One of the roles I assume at the Graduate Center is that of Theatre Program Placement Offi cer. A few months ago as I combined my job lists, I came across a posting in The Chronicle of Higher Education for the University of New Hampshire, which advertised for an Assistant Professor of Musical Theatre. Today it is not unusual to see calls for people with a focus in musical theatre, but fi fteen or twenty years ago, this would have been practically an anomaly, to say the least. I can just hear the response of a snooty academic in the late 1980s or early 90s: A PhD with an expertise in Musical Theatre?!
As a result of the work of scholars like Stacy Wolf, Professor of Theater and Director of the Princeton Atelier in the Lewis Center for the Arts at Princeton University, musical theatre isn’t only acceptable as a fi eld of study, it’s downright respectable. I don’t think it would be an overstatement to say that Professor Wolf has helped ensure musical theatre as a viable, rigorous, and important subject of inquiry in the 21st Century. Without extracting an ounce of joy that one associates with musicals, she introduced the genre to a new generation of scholars across the disciplines.
Professor Wolf is the author of, A Problem Like Maria: Gender and Sexuality in the American Musical (University of Michigan Press, 2002), which has been widely regarded and cited in queer studies and theatre scholarship. Her latest book, Changed for Good: A Feminist History of the Broadway Musical (Oxford University Press, 2011), has already garnered raves. Elizabeth Wollman described the work as follows: “This beautifully written—and desperately needed—feminist history of the Broadway musical is fi lled with exciting insights, humor, and great aff ection for the American musical. It’s an important and interesting book, one I will read again and again.”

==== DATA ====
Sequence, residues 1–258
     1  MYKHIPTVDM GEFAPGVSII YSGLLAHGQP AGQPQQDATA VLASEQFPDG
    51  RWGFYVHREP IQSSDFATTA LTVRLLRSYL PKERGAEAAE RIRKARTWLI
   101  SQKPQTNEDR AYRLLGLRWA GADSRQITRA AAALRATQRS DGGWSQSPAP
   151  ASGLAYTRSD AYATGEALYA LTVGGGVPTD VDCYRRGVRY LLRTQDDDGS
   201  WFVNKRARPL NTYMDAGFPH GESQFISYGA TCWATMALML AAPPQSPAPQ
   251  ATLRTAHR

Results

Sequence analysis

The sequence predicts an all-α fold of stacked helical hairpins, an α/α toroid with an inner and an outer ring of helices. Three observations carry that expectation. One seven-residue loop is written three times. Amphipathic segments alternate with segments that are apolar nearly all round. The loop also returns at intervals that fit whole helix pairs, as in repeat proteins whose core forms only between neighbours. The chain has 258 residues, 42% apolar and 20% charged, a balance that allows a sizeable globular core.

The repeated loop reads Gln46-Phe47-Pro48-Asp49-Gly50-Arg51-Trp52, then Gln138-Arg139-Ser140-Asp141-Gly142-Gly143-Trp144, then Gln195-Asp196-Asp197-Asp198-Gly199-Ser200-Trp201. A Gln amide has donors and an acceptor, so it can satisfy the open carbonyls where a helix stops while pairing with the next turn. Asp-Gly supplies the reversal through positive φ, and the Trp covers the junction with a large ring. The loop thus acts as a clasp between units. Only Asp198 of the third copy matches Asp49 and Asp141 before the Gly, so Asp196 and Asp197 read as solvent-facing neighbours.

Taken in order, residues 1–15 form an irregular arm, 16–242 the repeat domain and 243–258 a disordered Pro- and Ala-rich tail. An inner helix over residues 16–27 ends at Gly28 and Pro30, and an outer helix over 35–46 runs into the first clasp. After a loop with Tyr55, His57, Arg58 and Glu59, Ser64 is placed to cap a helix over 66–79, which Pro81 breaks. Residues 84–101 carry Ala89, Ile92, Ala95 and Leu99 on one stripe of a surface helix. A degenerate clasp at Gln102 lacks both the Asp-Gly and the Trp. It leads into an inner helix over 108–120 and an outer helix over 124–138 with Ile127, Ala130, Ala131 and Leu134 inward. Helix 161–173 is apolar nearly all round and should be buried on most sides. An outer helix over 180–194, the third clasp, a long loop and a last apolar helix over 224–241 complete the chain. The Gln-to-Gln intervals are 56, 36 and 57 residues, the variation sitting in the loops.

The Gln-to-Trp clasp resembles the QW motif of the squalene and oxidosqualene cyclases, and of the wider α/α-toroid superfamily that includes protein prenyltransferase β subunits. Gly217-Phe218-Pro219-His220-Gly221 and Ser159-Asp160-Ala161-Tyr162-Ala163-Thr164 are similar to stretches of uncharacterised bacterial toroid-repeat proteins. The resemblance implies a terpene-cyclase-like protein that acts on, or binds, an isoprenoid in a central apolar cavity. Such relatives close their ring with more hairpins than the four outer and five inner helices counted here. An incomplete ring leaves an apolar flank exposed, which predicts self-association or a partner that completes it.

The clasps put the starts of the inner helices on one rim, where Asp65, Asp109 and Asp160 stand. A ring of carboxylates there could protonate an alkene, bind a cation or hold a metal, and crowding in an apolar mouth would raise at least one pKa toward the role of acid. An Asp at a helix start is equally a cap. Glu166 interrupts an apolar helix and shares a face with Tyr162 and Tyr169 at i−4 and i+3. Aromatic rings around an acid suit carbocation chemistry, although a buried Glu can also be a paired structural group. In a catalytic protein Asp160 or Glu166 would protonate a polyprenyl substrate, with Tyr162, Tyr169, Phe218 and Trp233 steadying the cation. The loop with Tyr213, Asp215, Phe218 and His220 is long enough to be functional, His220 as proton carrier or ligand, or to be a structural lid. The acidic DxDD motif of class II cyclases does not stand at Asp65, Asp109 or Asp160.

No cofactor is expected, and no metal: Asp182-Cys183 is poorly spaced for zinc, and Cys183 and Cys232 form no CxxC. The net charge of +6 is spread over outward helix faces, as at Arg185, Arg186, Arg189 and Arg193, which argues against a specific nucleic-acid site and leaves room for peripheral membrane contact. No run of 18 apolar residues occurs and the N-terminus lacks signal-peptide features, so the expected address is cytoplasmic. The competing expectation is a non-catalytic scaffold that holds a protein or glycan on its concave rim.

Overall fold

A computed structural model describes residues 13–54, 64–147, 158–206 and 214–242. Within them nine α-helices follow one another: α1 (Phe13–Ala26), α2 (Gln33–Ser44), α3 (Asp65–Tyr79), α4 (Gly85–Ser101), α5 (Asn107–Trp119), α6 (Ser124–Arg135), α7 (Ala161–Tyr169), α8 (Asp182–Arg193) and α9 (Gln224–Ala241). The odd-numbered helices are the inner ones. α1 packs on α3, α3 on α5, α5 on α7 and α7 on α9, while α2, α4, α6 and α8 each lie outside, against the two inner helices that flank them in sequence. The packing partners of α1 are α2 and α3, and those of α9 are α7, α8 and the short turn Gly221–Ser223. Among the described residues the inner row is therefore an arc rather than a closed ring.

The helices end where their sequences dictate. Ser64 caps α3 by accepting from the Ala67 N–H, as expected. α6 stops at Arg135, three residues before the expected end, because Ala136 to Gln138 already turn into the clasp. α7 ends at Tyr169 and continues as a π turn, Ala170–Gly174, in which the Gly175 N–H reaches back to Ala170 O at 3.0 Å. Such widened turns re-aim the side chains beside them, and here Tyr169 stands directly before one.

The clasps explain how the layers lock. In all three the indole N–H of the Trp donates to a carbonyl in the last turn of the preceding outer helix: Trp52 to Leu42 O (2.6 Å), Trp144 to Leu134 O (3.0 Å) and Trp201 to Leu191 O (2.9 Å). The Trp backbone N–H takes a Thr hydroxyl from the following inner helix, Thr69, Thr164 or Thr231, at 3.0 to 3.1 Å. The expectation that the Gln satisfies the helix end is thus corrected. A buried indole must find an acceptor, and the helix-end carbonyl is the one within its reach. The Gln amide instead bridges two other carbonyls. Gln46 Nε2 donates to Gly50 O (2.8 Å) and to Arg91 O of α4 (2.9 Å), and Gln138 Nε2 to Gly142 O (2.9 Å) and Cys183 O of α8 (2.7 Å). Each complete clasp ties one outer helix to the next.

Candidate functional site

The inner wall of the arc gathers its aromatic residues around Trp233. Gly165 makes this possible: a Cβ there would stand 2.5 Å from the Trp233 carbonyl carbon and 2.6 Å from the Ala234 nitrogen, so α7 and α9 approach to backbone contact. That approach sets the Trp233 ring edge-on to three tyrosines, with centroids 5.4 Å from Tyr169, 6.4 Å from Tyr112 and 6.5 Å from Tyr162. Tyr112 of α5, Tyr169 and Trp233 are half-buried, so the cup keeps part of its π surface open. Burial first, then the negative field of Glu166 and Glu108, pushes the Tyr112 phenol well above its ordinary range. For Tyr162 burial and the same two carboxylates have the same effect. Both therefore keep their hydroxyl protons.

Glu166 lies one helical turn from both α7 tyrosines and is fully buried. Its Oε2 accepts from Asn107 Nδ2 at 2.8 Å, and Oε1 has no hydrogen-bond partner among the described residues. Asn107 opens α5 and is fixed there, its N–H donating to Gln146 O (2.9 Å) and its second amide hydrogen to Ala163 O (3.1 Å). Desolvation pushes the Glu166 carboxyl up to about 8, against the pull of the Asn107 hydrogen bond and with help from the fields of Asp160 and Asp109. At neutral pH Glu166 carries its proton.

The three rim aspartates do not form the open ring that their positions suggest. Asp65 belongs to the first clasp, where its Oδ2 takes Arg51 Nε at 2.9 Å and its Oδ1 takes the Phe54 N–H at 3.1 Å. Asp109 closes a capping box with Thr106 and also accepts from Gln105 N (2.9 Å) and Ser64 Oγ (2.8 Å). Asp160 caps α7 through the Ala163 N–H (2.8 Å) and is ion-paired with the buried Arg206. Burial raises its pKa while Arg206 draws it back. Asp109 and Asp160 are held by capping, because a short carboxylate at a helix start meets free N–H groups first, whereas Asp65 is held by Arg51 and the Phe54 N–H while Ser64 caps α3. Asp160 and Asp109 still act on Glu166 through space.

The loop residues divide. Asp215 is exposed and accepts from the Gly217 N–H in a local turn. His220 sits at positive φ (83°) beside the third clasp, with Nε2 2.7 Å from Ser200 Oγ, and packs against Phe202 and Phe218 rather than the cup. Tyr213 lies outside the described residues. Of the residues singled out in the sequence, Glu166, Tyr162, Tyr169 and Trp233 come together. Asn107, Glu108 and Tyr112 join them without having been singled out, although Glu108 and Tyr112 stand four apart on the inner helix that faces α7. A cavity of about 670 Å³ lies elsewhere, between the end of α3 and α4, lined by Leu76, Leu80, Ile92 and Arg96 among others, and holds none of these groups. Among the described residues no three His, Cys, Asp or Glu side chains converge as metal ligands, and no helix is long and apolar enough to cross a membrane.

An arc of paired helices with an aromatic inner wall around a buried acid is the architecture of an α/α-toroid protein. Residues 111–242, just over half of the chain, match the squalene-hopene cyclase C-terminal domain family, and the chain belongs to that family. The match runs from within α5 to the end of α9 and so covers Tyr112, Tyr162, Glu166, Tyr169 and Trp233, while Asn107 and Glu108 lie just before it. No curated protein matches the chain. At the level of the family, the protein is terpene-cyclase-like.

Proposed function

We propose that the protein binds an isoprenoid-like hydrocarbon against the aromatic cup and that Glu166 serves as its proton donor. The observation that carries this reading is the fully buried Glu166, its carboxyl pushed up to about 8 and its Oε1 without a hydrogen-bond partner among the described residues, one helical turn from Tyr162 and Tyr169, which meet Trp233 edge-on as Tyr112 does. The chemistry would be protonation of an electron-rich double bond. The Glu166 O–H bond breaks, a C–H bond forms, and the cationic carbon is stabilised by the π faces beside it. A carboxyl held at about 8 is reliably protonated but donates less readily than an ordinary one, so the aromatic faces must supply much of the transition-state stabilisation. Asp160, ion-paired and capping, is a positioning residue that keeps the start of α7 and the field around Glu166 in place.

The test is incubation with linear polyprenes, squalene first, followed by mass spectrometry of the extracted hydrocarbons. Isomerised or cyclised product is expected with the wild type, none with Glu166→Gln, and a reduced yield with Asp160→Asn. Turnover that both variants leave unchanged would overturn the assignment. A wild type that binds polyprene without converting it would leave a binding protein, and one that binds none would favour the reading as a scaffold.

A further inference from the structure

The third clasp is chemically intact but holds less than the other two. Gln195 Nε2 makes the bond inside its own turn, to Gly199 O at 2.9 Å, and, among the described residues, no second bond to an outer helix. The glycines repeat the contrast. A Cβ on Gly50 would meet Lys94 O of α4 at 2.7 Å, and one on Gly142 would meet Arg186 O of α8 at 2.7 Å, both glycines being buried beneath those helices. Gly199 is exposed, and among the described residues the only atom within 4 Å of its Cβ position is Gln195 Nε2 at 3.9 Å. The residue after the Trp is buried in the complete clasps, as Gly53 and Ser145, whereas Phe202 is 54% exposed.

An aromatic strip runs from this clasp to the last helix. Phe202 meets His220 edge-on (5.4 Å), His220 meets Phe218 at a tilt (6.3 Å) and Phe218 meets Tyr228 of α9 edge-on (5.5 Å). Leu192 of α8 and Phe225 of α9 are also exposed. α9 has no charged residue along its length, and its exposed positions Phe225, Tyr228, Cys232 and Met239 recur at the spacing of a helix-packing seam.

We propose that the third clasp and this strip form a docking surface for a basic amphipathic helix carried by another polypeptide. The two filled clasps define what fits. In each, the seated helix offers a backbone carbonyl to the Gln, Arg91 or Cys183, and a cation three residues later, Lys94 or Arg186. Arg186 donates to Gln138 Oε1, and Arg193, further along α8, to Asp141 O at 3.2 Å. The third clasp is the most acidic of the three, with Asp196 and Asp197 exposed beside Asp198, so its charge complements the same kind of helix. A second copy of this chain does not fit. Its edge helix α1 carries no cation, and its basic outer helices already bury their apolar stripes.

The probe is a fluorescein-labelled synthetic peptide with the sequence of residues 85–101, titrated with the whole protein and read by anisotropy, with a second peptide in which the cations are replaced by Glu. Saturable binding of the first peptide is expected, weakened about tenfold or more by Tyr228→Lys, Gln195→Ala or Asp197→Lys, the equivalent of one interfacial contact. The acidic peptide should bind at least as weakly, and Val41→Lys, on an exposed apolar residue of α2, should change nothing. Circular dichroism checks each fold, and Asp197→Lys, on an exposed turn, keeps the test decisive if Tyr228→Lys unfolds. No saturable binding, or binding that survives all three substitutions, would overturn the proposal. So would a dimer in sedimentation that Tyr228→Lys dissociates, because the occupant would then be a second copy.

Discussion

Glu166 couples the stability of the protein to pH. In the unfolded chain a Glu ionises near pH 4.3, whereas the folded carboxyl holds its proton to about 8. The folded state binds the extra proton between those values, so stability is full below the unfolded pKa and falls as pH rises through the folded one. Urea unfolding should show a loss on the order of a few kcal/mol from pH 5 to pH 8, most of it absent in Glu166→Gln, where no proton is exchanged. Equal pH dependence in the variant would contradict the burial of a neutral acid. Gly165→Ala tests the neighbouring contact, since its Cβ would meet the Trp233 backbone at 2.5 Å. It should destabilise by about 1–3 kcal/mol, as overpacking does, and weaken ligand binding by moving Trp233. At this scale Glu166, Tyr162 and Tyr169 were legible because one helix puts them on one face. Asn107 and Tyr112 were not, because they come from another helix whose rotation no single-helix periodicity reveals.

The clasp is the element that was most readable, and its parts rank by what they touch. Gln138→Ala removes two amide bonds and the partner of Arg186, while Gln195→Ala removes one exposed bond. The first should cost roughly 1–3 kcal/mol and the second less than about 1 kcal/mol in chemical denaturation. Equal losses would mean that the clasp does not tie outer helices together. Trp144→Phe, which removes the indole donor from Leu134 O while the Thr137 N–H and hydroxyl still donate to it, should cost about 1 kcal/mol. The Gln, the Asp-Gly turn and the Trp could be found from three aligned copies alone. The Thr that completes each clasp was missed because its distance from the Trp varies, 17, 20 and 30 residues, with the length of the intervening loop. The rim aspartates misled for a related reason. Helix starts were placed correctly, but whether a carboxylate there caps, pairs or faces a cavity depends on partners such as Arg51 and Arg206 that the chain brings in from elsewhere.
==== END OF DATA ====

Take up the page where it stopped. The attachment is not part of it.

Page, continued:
On October 13th, in a co-sponsored event with the Graduate Center Theatre Program, Stacy Wolf off ered a multimedia presentation entitled “Divas, Darlings, and Dames: Women in Broadway Musicals of the 1960s.” The event was Standing Room Only as individuals with interests in LGBT studies, musical theatre, and cultural representations of women fi lled the Theatre Program Green Room to capacity.
Showing clips from musicals including, Oliver!, Man of La Mancha, Mame, Hello, Dolly!, and Sweet Charity, Professor Wolf examined the ways in which single women characters of 1960s musicals challenged social and political associations around gender and sexuality. In an era in which single women were often relegated to second-class status, characters such as Dolly Levi, Mame Dennis, and Charity Hope Valentine—as embodied by the shining stars of Broadway, Carol Channing, Angela Lansbury, and Gwen Verdon— commanded the stage through song, dance, and their larger-than-life stage presence. At the same time, Professor Wolf highlighted the anxiety and ambivalence associated with the 60s single girl. For every Dolly Levi, who at the end of the musical gets her man and his money, and Mame Dennis, who brings down the second-act curtain relishing the international adventures that await her and her new child protégé, there is a Charity from Sweet Charity, an Aldonza from Man of LaMancha, and a Nancy from Oliver!, who are, respectively, robbed, raped, and killed by the men in their musical worlds. As Professor Wolf explained, “1960s musicals featured women on stage alone in song and dance, but weren’t sure whether to celebrate or punish them.”
While musical theatre is often regarded as frivolous, simplistic, and, yes, so gay, Stacy Wolf’s presentation reminds us that representations of sexuality and gender cannot be taken for granted.